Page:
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Shin-Yokohama Ramen Museum

If you are keen on or have a chance to drop in Yokohama, you may want to give this place a go. However, for those who are not so interest in ramen or Japanese cuisines, this place will disappoint you a little bit. I think most of you guys have heard about the Ramen Museum in Yokohama at least once and those who fell in love with Japanese culture, must have looked up for information about this place. Nevertheless, photos on Internet may deceive you. I was also lured in because of the photos on the official page which show that the place is spacious and full of surprise to explore but in fact, it is kind of small and the tour around the museum in just 20 minutes. Despite of its size, the location is not bad at all. The museum comprises of three floors. The entrance is located on the top floor. Going through the entrance, you will find an exhibition area explaining about the origin, development and diversity between regions of ramen. Of course, English version is available and the explanation is significantly detailed which I think will attract ramen-lovers. Different types of stocks and noodles are also paraphrased. Next to this is the souvenir shop selling ramen-inspired merchandises. Instant ramen and instant stock can also be found here. Downstairs is the where the ramen restaurants located. The overall area was decorated to replicate the streets of Japan in 1958 when ramen was first invented. The founders of the museum must have gone into great length to recapture this nostalgic atmosphere. No detail is neglected and the chosen music really makes you feel like wondering in a 1950s town. I didn't dine in any of these restaurants but I saw there were dozens of Japanese having meals here so the quality of food is okie. Then, if you are fond of ramen or Japanese noodles in general, just drop in the place. Here is the official website of Shin-Yokohama Ramen Museum: http://www.raumen.co.jp/english/You can find the location and ways to access on the page.

Ishikawacho Steet

It was a busiest sunday for me. Despite of busy schedule, I managed to capture few shots while walking at Ishikawacho street, japan.Visit my website

Easy Yaki Onigiri Recipe { 焼きおにぎり }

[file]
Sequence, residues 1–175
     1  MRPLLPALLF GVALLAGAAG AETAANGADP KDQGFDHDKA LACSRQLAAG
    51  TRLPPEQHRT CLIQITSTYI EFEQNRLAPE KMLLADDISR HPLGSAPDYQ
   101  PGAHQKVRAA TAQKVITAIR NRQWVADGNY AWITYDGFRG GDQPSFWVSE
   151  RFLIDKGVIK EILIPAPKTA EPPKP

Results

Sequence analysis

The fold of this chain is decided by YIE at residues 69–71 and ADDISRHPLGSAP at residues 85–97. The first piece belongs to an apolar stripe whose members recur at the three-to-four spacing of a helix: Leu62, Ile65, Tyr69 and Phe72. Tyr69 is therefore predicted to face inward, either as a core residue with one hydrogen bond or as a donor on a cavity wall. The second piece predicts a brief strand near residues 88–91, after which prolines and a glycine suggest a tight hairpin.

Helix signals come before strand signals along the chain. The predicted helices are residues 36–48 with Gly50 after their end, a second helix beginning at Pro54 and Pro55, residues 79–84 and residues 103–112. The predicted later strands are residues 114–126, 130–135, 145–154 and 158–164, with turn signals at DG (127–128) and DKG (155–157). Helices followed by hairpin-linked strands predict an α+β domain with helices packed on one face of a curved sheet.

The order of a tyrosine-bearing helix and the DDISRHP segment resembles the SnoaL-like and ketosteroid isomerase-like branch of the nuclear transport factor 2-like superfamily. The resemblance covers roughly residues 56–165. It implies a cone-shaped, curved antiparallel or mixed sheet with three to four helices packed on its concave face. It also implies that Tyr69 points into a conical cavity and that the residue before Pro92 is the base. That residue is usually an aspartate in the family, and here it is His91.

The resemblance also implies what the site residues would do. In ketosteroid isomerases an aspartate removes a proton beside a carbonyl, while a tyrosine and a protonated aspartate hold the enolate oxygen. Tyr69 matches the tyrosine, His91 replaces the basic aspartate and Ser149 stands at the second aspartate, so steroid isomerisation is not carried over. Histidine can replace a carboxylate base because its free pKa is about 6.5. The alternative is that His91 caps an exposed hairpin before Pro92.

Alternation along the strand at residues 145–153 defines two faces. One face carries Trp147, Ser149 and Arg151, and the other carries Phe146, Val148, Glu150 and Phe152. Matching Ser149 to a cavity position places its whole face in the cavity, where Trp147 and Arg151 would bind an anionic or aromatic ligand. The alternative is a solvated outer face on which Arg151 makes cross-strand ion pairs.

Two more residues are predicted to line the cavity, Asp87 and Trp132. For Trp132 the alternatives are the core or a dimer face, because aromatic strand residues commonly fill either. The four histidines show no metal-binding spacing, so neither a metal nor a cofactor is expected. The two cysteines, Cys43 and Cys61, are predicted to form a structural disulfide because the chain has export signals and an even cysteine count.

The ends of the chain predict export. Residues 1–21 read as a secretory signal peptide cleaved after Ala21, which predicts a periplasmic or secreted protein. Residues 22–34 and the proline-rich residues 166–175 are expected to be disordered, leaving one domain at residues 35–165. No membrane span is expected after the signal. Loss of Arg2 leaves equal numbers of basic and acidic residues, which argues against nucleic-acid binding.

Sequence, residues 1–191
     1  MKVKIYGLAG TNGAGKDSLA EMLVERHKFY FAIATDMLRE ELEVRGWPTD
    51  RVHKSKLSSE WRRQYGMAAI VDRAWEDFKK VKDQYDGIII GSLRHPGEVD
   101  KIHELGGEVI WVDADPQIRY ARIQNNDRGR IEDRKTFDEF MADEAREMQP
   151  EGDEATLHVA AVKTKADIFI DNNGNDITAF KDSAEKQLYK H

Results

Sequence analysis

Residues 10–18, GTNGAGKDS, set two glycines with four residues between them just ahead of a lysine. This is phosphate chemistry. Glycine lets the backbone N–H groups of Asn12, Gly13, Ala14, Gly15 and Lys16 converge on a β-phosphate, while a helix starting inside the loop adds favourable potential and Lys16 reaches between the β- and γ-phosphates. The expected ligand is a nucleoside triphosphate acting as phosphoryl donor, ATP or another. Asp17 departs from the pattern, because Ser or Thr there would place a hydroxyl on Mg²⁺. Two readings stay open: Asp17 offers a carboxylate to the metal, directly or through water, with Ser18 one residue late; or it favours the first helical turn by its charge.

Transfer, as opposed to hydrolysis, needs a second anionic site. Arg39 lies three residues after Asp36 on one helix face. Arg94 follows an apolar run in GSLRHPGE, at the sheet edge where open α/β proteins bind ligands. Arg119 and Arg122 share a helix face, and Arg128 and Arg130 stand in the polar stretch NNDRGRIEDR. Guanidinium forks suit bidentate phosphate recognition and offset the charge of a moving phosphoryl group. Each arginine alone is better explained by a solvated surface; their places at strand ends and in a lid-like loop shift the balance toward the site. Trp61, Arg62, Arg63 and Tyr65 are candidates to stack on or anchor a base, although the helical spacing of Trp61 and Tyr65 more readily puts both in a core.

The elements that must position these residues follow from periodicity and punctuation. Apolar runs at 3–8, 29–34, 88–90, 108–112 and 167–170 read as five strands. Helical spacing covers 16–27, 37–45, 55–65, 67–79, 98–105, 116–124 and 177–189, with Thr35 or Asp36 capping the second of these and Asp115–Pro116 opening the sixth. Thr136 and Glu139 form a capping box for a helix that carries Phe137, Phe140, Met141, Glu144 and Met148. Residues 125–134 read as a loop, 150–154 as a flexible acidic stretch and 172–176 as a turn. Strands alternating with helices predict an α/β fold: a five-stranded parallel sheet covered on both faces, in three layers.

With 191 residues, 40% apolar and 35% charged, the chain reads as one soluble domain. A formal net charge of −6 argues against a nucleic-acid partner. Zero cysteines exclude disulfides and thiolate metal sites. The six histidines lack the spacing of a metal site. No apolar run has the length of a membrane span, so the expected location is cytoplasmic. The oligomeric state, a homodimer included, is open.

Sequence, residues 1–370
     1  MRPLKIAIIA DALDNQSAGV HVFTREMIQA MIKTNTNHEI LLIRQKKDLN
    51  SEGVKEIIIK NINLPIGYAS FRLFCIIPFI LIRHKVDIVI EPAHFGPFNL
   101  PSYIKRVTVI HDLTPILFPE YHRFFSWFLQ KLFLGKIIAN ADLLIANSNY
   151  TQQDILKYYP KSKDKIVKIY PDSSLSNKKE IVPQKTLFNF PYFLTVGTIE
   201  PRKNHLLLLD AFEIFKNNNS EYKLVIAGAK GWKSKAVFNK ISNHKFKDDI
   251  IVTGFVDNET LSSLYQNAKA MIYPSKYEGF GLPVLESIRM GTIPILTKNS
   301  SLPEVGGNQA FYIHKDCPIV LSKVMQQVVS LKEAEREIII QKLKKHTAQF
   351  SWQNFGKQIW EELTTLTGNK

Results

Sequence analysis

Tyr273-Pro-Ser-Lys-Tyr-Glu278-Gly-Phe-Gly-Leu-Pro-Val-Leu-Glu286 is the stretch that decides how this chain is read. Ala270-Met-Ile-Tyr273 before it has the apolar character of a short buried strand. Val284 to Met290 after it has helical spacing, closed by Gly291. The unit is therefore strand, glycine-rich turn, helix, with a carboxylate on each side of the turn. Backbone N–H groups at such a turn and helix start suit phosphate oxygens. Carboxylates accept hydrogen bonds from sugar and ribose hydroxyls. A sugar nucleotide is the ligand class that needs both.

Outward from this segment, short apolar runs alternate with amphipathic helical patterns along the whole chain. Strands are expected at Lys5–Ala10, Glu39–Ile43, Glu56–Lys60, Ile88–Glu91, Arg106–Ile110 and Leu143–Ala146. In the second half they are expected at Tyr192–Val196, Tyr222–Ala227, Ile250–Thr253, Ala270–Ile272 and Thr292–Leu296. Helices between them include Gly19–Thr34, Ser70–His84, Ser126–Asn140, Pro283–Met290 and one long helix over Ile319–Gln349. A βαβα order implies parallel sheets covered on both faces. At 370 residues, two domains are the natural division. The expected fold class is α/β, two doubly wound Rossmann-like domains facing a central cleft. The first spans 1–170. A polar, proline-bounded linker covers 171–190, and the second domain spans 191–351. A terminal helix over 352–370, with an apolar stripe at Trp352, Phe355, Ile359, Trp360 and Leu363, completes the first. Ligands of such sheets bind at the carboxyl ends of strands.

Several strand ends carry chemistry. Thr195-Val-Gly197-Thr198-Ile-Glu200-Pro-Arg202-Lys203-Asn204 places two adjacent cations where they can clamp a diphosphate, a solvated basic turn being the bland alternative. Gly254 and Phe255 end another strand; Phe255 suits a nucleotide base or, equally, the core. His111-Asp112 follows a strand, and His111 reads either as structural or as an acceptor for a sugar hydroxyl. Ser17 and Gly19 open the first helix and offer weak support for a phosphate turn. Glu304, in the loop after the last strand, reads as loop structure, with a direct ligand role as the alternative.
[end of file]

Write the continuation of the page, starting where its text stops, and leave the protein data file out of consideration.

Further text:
焼きおにぎりYaki onigiri are something I always order at Japanese pubs! Grilled coated in soy sauce, served hot with a dab of melting butter, yaki onigiri are crispy on the outside, soft on the inside and a pleasure to eat. So overpriced in pubs, but nothing compares to the smoky flavours the onigiri picks up from meat or fish previously cooked on the same grill. Mmm…Recently I received glorious news from a teacher at work – you can freeze yaki onigiri! Say whaaaat??? Not that I ever have leftovers on the rare occasion I make yaki onigiri, but today the craving struck me and I headed straight home after work to make a double batch!In case you are wondering, onigiri are those little triangle shaped rice balls, a super popular lunch and convenience food in Japan. ‘Yaki’ means ‘grilled’. So yaki onigiri translates as ‘grilled rice balls’. In my opinion, all the best foods in Japan have the word ‘yaki’ in them; yakitori, okonomiyaki, takoyaki, teriyaki, teppanyaki, sukiyaki, yakiniku…Yaki onigiri are super simple, once your rice is cooked, you can whip up some yaki onigiri in ten minutes! Below I’ve shared a recipe for making basic yaki onigiri, and instructions for freezing and reheating your yaki onigiri. Go on, give it a go.YAKI ONIGIRIEasy Yaki OnigiriINGREDIENTS* Cooked sushi rice or short grain rice* Soy sauceOptional:* Oil or butter for grilling* Butter for serving* Salt for plain onigiriMETHODCook your rice as per instructions.Shape into onigiri triangles. It is optional whether you salt your hands or not as you will be putting soy sauce on your onigiri later.Heat the grill to medium temperature, lightly grease with butter or oil if you like, and place your onigiri on top. Let them grill for several minutes on one side. Don’t move them. If you’re worried about the heat grill them on low for longer.Turn your onigiri over and grill the other side for several minutes. Again, let them rest, don’t check constantly and move them.Baste one side of your onigiri with soy sauce. Don’t drown them!Grill the onigiri again, basted side down. Repeat steps 5 and 7 with the other side of the onigiri. If you prefer a strong soy flavour to your onigiri, continue to baste and grill each side until it is as you like it.Serve your yaki onigiri hot off the grill with a dab of butter.TIPSGrilling your onigiri after you cook meat or fish in a pan adds an absolutely amazing flavour! If you think of it, next time you cook meat freeze some drippings and use it to grease the grill when you make your onigiri. You can use other sauces instead of soy sauce. Soy sauce is most common, but yaki onigiri would be delicious made with any smokey, salty sauces. I’ve heard that yaki onigiri came about as a way to enliven day old rice balls that had gone slightly stale and crunchy. Don’t hesitate to grill any onigiri, regardless of the filling, and turn them into yaki onigiri. No need to put a dab of butter on onigiri that you plan to freeze. You can add it when you reheat them to eat.How to freeze yaki onigiri:After cooking your yaki onigiri and while they are still warm, wrap each individual onigiri tightly in cling wrap.Place the wrapped onigiri in a zip lock bag or seal-able container. Freeze.How to reheat yaki onigiri:Reheating your onigiri is easy. Simply microwave until warmed through. Most microwaves have a warming setting. Do leave each onigiri in the plastic wrap while you reheat them otherwise they will dry out.Whatever you do, don’t leave your onigiri to thaw! Whether you plan to eat your onigiri immediately or later the same day, you need to reheat them in the microwave from frozen. Microwaving them preserves the texture of your onigiri. If you let them defrost, the outside will be crunchy, and not because you grilled them, and the inside will be mush. You can thaw your onigiri in the microwave, pop them in your lunch box and eat them later in the day for lunch at work.  I’ve always been impressed by the busy teachers who stay at work until 9pm yet still have cute and delicious looking onigiri in their lunch each day. Lies all lies! Apparently the secret is making a whole batch of onigiri on the weekend and freezing them to microwave each morning and pack in bentos for lunch. They look so moist and lovely, I’d never have guessed. The secret is out and now we can all enjoy yaki onigiri whenever the craving strikes! Cheers also to making lunch more convenient, and fooling everyone into thinking we’ve totally got our lives organised.Happy grilling!{ Ashes }P.S. Make yaki onigiri for your food cautious friends when they visit you in Japan. I've yet to have anyone decline or not finish their homemade yaki onigiri!